Sullivan, Leon

Sullivan, Leon (Howard)

(1922–  ) civil rights activist, Baptist minister; born in Charleston, W.Va. Ordained in 1939 while still in high school and encouraged by Adam Clayton Powell Jr., he studied at the Union Theological Seminary (1943–45) and then Columbia University (Master's in Religion 1947). He joined the Abyssinian Baptist Church in Harlem and supported the "Don't buy where you can't work" boycott. As pastor at Zion Baptist Church in North Philadelphia (1950–88), he espoused "evangelistic materialism" and led boycotts of Philadelphia businesses that refused to hire African-Americans. Among the organizations he founded to assist African-American economic development was the Opportunities and Industrial Centers of America, located in an abandoned jailhouse purchased by the congregation (1964). In 1971 he was elected to the board of directors of General Motors Corporation. The "Sullivan Principles" (1977) became guidelines for American corporations doing business in South Africa with the intent of destroying apartheid. Widely honored, he was given the Freedom Foundation Award (1960), made pastor emeritus at his church (1988), and awarded a Medal of Freedom (1991). He began a $40-million aid program for Africa in 1992.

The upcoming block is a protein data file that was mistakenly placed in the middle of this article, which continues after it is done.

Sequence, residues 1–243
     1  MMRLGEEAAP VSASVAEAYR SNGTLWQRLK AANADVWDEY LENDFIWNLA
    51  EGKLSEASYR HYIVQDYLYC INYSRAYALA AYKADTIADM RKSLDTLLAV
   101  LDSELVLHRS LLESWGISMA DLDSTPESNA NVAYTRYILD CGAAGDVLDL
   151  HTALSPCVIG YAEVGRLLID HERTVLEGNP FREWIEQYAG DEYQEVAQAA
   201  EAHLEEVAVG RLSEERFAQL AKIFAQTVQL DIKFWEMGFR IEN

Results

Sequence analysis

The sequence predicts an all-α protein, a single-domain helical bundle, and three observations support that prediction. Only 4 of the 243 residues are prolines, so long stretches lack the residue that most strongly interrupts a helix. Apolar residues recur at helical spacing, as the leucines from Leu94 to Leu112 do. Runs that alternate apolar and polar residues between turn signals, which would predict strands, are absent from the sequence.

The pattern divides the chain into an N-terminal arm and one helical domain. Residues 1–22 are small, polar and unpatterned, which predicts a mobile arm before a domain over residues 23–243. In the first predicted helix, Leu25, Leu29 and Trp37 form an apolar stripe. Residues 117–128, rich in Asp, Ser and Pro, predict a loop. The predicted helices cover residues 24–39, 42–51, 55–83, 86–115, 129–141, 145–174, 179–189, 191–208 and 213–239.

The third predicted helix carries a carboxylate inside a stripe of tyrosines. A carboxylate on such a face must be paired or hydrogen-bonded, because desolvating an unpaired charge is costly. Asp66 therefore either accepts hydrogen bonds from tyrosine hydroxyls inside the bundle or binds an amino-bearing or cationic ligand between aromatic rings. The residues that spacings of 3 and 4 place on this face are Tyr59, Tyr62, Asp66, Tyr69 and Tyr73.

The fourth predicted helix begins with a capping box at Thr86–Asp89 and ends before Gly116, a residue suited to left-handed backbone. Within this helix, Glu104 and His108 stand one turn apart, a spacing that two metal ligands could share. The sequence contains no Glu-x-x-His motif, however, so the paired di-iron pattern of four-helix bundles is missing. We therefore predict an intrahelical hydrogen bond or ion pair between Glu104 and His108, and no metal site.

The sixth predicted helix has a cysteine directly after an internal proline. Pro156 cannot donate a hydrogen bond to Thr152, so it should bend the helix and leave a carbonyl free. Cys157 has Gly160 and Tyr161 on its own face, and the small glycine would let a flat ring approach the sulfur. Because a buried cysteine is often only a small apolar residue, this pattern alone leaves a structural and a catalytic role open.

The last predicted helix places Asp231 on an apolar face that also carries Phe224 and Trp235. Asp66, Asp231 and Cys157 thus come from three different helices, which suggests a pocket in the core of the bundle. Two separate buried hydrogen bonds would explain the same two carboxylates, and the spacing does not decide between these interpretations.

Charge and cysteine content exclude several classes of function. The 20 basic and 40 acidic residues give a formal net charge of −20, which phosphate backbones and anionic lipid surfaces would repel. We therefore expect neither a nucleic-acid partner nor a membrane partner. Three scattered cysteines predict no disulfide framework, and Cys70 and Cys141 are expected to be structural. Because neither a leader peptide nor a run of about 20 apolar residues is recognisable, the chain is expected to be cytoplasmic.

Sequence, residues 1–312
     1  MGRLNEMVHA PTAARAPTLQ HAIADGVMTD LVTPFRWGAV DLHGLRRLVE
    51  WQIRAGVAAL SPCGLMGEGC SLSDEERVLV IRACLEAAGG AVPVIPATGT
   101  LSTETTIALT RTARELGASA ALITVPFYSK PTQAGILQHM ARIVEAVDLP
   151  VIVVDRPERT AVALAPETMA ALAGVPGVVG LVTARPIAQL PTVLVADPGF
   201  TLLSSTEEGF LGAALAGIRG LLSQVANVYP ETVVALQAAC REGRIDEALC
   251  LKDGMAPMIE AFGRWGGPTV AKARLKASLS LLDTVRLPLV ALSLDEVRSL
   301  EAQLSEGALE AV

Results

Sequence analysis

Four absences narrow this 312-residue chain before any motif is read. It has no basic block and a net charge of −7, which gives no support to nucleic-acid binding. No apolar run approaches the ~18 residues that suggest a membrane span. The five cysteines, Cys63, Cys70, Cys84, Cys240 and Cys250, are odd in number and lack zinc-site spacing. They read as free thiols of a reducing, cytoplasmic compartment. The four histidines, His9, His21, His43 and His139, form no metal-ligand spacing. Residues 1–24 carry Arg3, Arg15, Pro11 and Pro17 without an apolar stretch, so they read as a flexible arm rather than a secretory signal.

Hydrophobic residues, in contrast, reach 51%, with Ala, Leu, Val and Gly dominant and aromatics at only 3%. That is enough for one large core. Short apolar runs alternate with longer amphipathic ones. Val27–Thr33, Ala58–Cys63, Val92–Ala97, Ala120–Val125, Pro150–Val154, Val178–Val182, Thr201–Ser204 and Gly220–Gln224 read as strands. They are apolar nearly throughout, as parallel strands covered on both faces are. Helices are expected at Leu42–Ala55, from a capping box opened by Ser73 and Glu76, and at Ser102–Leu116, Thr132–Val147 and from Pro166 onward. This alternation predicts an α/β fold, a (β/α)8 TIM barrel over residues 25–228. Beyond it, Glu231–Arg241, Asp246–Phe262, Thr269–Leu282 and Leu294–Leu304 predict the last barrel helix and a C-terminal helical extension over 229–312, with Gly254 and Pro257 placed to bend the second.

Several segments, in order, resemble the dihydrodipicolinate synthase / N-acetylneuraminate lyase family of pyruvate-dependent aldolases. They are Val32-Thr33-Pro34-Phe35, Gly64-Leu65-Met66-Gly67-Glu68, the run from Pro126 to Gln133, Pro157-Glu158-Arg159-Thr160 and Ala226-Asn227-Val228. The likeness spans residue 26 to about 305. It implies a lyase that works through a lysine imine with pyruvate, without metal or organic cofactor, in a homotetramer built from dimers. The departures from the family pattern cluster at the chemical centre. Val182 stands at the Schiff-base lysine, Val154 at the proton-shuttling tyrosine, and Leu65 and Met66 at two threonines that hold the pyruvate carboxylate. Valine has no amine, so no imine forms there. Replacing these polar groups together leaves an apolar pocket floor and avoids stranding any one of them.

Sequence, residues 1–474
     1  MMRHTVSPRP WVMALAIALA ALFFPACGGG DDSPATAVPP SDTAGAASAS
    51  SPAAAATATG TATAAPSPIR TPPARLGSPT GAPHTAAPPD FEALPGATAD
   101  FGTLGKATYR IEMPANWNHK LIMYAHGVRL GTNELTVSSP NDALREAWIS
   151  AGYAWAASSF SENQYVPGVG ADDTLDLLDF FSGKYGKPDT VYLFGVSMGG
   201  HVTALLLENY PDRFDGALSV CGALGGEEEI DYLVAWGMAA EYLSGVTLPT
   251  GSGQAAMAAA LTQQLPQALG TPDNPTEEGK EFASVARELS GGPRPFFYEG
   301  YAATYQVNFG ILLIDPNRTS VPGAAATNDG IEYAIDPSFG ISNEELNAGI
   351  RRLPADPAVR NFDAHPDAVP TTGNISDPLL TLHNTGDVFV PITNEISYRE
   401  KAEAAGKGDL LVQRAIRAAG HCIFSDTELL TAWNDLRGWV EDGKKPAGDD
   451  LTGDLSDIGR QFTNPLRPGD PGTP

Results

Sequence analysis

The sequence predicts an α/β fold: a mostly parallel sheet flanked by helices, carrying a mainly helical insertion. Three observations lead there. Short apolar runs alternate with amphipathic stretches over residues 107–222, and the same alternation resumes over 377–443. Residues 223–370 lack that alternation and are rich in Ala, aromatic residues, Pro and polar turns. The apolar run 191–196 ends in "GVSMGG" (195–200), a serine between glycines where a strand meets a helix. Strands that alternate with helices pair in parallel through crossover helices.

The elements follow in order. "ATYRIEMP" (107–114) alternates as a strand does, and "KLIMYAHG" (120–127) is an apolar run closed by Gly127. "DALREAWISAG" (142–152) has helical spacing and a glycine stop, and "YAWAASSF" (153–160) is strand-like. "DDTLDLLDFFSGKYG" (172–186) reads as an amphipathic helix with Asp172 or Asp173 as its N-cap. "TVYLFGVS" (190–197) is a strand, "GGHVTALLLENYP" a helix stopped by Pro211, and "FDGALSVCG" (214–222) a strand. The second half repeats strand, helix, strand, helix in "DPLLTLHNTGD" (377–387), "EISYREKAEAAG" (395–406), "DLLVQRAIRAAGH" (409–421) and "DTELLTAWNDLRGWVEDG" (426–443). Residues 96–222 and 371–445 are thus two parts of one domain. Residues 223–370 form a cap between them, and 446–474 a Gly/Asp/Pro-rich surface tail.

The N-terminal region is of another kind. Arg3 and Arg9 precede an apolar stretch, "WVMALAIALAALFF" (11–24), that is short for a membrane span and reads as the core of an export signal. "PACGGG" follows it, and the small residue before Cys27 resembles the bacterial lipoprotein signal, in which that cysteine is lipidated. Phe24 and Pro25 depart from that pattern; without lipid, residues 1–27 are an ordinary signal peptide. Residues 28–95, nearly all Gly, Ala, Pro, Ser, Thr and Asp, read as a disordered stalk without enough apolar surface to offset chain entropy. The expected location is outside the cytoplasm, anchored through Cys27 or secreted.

The Cambridge Dictionary of American Biography, by John S. Bowman. Copyright © Cambridge University Press 1995. Reproduced with permission.